Regardless, you can learn to stop interpreting their behaviours as personal attacks and start to view them as non-personal encounters, like a bee buzzing by or a dog barking down the street. Once you start viewing things in this way, you can decide to respond with a peaceful mindset or just not at all.
2. Use these “not personal” mantras
We’re only human, and despite our best efforts, we still may take some things personally in the heat of the moment. To help mitigate this, you can follow a simple strategy to keep yourself watchful of your response. This is a way to proactively remind you to not take things too personally. When you catch yourself doing so, pause, take a breath, and read the following mantras to yourself:
• Don’t take things too personally, even if the situation seems really personal at first. People usually don’t do things because of you, but because of themselves and their own issues.
• You can’t control everything people do and say to you, but you can decide you won’t be reduced by them.
• Enjoy the vast amount of freedom that comes with detaching yourself from the beliefs and behaviours of others. Remember that the way a person treats you is their problem, but how you react is yours.
• Take any constructive criticism you receive seriously but not personally. Listen and then operate with your wisdom and intuition as a guide.
• Remember you are fine, smart, strong and good enough. You don’t need validation from other people because you’re already valuable.
• If you really want to boost your self-worth, self-esteem and self-confidence, don’t let other people be responsible for them. Stop letting others dominate your own emotions!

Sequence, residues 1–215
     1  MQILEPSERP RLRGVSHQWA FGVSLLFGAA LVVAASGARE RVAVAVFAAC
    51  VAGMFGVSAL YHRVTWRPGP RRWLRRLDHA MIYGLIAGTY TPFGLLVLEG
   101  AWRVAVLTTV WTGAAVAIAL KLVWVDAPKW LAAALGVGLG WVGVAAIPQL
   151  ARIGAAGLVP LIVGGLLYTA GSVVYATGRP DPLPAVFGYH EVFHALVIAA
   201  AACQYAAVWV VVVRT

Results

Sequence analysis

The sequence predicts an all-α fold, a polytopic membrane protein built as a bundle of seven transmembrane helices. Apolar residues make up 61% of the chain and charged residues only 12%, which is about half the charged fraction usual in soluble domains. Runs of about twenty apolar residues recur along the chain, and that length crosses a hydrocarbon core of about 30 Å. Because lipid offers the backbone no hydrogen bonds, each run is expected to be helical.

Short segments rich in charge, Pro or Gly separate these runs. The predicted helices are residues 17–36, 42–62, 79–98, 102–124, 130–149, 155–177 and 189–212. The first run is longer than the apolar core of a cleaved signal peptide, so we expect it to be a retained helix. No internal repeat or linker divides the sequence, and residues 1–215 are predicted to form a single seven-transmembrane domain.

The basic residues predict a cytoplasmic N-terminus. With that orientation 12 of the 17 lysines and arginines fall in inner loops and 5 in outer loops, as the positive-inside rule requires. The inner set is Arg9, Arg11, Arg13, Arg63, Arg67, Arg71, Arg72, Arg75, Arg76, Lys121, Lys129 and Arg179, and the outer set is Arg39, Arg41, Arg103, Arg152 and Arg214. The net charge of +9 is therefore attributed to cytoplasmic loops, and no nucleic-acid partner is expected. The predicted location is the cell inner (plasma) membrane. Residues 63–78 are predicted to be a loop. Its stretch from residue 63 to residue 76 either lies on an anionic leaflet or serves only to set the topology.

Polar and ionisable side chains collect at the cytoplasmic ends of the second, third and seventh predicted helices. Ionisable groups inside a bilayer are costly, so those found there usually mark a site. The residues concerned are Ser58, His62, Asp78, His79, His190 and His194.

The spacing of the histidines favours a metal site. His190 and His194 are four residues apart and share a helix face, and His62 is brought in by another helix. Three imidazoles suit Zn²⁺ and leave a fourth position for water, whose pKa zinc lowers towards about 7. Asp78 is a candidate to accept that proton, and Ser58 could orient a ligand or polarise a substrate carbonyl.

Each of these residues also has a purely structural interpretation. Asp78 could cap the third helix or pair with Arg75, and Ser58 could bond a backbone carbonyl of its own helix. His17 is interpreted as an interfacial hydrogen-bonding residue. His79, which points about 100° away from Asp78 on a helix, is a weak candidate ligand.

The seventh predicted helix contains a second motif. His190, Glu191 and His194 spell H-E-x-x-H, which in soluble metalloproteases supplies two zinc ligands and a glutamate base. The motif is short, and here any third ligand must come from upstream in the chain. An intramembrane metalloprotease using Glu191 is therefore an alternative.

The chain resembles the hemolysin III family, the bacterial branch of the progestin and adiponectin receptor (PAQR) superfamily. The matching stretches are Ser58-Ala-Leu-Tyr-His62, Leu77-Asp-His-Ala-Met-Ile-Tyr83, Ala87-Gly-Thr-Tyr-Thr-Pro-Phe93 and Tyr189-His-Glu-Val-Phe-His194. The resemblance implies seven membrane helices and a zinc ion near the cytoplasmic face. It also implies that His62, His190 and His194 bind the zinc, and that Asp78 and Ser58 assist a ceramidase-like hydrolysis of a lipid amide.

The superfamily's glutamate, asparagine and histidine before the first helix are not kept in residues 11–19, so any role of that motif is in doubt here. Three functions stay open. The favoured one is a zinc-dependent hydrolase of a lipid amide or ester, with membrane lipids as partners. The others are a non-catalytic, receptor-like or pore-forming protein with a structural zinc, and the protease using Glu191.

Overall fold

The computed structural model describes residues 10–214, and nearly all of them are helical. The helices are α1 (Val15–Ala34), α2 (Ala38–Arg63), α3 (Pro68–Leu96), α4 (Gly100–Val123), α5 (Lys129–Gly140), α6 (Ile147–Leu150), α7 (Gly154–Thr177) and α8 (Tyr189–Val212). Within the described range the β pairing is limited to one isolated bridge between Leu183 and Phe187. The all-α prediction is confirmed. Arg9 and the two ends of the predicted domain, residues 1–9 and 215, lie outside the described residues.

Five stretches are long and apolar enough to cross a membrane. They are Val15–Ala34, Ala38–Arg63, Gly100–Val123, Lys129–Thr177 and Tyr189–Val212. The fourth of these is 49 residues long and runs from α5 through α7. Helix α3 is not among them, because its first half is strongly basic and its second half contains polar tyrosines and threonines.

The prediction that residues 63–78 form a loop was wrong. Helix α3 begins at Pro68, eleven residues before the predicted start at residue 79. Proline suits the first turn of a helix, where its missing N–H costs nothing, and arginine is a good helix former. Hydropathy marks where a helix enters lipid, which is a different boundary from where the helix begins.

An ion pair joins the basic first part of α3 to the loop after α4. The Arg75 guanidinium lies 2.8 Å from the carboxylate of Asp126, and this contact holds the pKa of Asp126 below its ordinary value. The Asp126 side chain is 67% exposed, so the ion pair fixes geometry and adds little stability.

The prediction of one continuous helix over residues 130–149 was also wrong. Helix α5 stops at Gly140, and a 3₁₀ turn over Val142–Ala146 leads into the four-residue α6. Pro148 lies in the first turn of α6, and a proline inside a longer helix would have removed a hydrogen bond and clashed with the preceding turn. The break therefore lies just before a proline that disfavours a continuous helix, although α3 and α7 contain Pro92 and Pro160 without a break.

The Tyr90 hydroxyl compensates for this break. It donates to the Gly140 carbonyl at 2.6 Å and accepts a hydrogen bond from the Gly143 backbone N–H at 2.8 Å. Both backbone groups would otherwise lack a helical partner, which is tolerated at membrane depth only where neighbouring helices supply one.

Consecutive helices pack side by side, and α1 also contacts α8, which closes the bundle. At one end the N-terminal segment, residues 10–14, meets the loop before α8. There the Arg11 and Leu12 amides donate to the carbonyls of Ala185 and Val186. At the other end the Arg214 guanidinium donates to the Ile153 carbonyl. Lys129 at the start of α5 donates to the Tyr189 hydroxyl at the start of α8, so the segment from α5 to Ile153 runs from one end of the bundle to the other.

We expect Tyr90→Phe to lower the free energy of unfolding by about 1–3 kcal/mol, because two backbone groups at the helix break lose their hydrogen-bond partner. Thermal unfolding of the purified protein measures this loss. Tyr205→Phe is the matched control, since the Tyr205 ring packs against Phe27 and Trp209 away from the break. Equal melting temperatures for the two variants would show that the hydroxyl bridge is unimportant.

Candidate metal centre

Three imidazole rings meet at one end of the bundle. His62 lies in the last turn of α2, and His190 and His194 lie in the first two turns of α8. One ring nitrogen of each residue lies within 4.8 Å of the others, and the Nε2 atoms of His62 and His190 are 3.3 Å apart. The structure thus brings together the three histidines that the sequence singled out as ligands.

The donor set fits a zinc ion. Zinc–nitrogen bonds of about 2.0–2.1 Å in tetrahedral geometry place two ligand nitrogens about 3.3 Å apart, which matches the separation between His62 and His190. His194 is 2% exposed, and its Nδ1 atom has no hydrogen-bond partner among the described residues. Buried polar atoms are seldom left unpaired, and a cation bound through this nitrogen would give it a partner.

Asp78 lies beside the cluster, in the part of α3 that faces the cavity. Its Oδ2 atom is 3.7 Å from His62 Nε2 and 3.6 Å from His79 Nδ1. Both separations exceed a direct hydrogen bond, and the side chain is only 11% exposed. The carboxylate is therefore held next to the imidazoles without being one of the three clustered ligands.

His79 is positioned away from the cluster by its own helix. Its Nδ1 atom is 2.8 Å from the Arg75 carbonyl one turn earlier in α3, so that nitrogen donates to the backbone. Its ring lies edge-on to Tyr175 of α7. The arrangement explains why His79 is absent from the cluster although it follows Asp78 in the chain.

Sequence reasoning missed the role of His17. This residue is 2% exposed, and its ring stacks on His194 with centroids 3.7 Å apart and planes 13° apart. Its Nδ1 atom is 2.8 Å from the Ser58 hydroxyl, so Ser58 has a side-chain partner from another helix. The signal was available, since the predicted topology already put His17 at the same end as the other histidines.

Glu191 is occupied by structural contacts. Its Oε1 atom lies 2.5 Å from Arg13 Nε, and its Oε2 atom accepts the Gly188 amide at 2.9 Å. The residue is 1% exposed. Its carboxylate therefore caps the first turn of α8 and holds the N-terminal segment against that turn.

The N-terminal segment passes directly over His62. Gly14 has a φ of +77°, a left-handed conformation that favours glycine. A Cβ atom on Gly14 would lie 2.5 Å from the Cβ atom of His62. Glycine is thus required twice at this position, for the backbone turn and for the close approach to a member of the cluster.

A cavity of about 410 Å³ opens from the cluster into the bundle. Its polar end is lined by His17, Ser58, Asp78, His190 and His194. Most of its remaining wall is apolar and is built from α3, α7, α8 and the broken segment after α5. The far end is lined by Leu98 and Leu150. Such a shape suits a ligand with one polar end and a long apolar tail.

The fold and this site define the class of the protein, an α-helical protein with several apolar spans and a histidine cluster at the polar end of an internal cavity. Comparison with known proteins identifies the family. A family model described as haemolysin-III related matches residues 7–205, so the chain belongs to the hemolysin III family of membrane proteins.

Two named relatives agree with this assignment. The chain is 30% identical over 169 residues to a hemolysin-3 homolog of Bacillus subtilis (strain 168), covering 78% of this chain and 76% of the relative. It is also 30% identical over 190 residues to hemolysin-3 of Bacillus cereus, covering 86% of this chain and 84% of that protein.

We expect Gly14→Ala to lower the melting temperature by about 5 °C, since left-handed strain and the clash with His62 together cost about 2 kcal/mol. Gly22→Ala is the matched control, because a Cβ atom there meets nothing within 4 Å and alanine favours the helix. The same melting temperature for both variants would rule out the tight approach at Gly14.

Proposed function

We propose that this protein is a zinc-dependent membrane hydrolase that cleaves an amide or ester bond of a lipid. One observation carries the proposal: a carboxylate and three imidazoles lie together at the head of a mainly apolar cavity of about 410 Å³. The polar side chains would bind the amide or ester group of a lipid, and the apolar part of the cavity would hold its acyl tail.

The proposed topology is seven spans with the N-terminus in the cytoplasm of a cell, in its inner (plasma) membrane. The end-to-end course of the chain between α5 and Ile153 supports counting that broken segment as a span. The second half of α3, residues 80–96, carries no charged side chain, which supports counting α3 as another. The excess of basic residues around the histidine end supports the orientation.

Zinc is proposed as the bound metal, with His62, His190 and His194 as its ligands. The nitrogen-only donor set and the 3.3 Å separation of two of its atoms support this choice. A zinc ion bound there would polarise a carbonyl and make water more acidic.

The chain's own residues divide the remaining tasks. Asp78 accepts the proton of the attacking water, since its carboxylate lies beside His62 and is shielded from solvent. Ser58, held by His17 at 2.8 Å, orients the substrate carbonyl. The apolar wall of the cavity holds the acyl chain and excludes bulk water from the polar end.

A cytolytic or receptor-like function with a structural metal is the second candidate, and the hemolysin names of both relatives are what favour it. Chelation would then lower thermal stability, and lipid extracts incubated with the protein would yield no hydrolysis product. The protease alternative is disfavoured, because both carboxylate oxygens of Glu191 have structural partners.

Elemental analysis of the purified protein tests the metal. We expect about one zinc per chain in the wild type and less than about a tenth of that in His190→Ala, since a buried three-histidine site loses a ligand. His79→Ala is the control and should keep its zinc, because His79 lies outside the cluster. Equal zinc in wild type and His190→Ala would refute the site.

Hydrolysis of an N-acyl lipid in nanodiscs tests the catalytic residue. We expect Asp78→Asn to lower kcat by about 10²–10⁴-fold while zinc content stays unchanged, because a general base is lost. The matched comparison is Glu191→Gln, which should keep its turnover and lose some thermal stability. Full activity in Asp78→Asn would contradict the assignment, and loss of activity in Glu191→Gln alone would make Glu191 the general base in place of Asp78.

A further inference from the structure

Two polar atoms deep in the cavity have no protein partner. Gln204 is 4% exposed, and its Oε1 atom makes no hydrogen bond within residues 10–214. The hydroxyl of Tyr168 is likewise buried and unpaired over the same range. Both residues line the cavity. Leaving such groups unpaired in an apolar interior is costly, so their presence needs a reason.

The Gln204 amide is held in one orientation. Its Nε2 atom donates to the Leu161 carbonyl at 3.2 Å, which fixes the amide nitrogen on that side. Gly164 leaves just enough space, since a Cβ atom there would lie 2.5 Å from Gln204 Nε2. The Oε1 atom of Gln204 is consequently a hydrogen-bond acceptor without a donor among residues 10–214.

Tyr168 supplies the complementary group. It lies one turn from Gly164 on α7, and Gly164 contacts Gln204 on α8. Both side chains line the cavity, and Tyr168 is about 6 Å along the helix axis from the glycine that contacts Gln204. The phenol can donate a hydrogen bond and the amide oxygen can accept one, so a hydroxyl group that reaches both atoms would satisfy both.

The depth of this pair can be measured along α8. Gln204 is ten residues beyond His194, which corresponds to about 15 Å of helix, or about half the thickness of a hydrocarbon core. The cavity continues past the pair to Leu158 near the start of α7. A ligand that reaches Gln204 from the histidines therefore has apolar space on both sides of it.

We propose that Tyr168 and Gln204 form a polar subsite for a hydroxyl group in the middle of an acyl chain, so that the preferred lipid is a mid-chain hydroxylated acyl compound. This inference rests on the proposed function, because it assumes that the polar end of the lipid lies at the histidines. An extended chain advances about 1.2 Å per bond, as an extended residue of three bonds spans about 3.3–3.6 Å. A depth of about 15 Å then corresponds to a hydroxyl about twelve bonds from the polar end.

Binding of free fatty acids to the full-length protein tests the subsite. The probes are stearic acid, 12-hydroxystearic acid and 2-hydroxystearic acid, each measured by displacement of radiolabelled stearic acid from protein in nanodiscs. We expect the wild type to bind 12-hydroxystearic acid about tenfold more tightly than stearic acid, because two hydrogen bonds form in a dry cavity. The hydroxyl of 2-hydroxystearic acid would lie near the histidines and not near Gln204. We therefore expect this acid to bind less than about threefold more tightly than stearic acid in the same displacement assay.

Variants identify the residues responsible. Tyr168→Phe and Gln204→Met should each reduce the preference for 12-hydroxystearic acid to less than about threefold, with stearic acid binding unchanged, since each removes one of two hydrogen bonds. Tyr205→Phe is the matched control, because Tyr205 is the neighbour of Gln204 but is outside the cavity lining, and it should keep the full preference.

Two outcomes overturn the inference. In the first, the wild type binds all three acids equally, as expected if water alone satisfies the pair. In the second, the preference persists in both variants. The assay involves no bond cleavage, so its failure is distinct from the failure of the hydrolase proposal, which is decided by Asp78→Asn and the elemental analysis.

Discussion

• Even the coldest, hardest people you meet in life were once as soft as an infant; that’s the tragedy of life. So even when people are rude, be mindful, kind and at your best. Give people around you the break that you hope the world will give you on your own terrible day, and you won’t ever regret it.
3. Let hate go
With all the senseless violence you see in the world today, it’s easy to get attached to it. Try not to take it personally and aim to let things go and rise above hate. While there are small groups of people in the world who are trying to build barriers around us, the rest of us can find some way to fly over them. Have a little faith and don’t let yourself get dragged down by nasty, selfish people.
Learning to not take everything personally is often a work in progress, so don’t get upset at yourself when you make a mistake in this area. When emotions run high or you’re just having a rough patch in life, you may default back to your old ways of thinking. If this happens, just remind yourself of all the tips above and repeat the not-personal mantras to yourself. You’ll be back to yourself and the freedom of deciding your own worth in no time!
I hope you found this article helpful on how to stop taking things personally. Feel free to share this article with your friends and family, as they may find it useful too!
Author: Nancy Burnett
Nancy, a Master Coach and Certified Professional Co-Active Life Coach (CPCC), has a passion for helping her clients to live vibrant, authentic and fulfilling lives; lives that are under their total control and which have been shaped in exactly the way they want. She believes that you can live a life that you love and that it is possible to manifest your dreams into reality.